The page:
John tried to confess, but Franco refused to hear it. So instead, we reach moment No. 2, when John had to confront his biggest fear: telling the truth to Nolan. This is a better ending than John merely going to prison, but considering we didn’t even see the discussion, it’s not exactly a thrilling or fully satisfying conclusion to the family saga. John is set up to inherent the role of sheriff, and while the final few episodes made it easier to accept that he’d stay on the straight and arrow, his brother, Kevin, going to prison while John, a murderer, lives out his life alone, but free.
That’s far from fair, and “Bloodline” didn’t earn an unfair ending. “We’re not bad people, but we did a bad thing.” Well, whether you’re bad or not, there needs to be a takeaway from all this other than, “Some people are good and bad.” John was never really held accountable, even if you count losing his entire family. O’Bannon is still rotting in jail for a crime he didn’t commit. (And Eric telling John he’s “over it” at the start of the finale was one of the most ridiculous moments of the series.) Chelsea (Chloe Sevigny) will never be a nurse again. Sally is stuck with a soon-to-be worthless property and no family. Kevin is in jail. Danny, Sarah, and Robert (Sam Shepherd) are all dead.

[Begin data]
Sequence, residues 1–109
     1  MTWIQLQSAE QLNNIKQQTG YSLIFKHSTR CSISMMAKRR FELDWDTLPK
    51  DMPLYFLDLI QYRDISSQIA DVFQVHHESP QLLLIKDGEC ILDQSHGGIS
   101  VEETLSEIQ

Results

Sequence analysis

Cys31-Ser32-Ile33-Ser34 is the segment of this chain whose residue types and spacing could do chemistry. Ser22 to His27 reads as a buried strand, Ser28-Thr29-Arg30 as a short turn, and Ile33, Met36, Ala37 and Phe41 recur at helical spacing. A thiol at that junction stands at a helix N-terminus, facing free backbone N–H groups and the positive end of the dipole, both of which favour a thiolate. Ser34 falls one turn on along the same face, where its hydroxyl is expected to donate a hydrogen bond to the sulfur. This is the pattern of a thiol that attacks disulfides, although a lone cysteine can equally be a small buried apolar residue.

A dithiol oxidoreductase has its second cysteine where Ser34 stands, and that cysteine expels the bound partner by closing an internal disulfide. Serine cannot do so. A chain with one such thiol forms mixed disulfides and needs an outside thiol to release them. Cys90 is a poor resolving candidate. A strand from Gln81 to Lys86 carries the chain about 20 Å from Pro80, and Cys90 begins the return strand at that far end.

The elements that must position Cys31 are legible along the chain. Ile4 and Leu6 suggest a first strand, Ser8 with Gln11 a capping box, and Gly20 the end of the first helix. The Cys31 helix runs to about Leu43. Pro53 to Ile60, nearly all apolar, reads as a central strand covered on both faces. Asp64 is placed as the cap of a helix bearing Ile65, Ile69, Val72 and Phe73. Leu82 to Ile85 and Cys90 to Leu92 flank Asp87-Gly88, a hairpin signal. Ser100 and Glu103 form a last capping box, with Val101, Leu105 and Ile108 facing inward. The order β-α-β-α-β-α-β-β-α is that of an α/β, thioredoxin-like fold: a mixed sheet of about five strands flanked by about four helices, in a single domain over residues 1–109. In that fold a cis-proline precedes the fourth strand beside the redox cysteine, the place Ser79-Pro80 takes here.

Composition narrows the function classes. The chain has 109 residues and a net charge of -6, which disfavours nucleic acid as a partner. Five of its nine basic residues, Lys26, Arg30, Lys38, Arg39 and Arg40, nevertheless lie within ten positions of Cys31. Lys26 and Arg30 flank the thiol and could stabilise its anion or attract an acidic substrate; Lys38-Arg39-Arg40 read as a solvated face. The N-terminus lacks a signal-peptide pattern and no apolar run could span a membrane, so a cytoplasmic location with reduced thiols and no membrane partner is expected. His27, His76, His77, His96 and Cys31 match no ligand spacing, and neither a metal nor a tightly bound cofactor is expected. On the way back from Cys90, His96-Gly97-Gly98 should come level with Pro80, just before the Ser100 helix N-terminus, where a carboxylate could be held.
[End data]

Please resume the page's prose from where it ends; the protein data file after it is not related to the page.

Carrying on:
Not all of these things are connected to John killing Danny, but “Bloodline” seemed content with providing internal resolution for its lead character instead of answering for the incredible amount of tragedy stirred up over three seasons. The ultimate impact of the series ends up being as murky as the water in Key West is clear. “You never knew what family was,” John told his mother in their last conversation. Well, she may not have understood the complexities of that concept, but tracking this bloodline didn’t give us a better understanding either.
“Bloodline” Season 3 is streaming now on Netflix.